He said he had only obeyed the commands because he feared his family would face reprisals if he refused to comply.
"I am solely responsible for this crime, but I am just a scapegoat – a person who played a role in the killings," he told the court on the second day of his formal trial.
Duch has been variously described by those who knew him as "very gentle and kind" and a "monster".
In an indictment in August the tribunal said: "Duch necessarily decided how long a prisoner would live, since he ordered their execution based on a personal determination of whether a prisoner had fully confessed" to being an enemy of the regime.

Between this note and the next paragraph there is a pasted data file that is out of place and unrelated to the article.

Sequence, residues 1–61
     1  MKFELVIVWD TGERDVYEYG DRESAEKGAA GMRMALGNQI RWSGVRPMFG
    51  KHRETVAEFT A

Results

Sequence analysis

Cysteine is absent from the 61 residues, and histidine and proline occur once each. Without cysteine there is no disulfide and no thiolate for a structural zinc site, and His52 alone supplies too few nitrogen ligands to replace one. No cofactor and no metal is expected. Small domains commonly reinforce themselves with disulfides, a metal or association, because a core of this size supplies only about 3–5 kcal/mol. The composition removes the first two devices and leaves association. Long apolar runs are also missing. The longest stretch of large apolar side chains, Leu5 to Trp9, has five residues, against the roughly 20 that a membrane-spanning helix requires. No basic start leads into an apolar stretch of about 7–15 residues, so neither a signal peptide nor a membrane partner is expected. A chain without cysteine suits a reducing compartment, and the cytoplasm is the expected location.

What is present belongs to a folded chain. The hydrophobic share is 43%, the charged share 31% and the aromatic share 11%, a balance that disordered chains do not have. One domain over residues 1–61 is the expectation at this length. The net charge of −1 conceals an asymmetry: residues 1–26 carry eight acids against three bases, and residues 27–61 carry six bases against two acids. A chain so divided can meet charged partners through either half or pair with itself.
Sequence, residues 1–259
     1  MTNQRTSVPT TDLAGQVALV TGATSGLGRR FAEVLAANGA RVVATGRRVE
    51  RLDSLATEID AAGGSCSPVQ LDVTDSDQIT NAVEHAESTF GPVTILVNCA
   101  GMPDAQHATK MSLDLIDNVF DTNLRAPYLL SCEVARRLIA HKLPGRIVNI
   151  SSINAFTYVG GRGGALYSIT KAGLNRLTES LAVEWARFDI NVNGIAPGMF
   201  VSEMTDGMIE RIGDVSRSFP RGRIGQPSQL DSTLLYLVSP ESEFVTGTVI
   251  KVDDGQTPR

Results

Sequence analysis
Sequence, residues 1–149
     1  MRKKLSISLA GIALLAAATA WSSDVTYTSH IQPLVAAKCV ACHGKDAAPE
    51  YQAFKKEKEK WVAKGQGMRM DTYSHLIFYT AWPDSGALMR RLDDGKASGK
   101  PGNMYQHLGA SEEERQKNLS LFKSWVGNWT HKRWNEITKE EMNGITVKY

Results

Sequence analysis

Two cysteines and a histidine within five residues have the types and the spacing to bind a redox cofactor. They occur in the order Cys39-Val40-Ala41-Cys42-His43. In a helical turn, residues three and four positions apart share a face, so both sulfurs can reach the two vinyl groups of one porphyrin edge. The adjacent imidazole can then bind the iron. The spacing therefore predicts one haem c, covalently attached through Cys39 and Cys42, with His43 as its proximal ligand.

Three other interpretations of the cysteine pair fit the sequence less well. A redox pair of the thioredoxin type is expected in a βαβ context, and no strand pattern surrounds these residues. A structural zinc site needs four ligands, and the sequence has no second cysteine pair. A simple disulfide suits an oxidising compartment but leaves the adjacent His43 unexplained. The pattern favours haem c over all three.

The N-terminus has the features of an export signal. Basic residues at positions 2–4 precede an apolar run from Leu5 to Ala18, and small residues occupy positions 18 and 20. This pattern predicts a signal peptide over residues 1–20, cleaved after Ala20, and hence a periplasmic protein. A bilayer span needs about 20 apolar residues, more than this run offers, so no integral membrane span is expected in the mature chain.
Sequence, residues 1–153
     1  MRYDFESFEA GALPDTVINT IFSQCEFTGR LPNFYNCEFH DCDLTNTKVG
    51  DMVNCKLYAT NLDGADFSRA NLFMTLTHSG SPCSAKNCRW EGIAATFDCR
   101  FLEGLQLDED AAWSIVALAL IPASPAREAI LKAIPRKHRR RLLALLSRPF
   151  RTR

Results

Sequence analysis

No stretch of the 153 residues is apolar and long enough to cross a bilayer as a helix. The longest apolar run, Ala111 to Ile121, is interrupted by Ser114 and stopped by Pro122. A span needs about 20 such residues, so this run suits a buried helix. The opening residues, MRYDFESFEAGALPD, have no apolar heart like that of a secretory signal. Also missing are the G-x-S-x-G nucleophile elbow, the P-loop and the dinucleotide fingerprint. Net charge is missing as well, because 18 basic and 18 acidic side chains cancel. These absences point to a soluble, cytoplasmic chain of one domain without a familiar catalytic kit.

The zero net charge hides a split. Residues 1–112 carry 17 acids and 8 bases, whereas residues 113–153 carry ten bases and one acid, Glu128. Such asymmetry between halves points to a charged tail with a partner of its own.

In one mass execution, he gave his men a "kill them all" order to dispose of a group of prisoners. On another list of 29 prisoners, he told his henchmen to "interrogate four persons, kill the rest".
After the fall of the Khmer Rouge, Duch disappeared for two decades, living under two other names and as a converted Christian before he was located in north-west Cambodia by a British journalist in 1999.
Taken to the scene of his alleged crimes last year, he wept and told some of his former victims: "I ask for your forgiveness. I know that you cannot forgive me, but I ask you to leave me the hope that you might."
His defence lawyer, Francois Roux, said today that his client had been in detention for nine years, nine months and seven days, adding: "This situation is unacceptable."
Duch is expected to be a key witness in the future trials of those also deemed "most responsible" by the tribunal for one of the most grotesque chapters in the 20th century.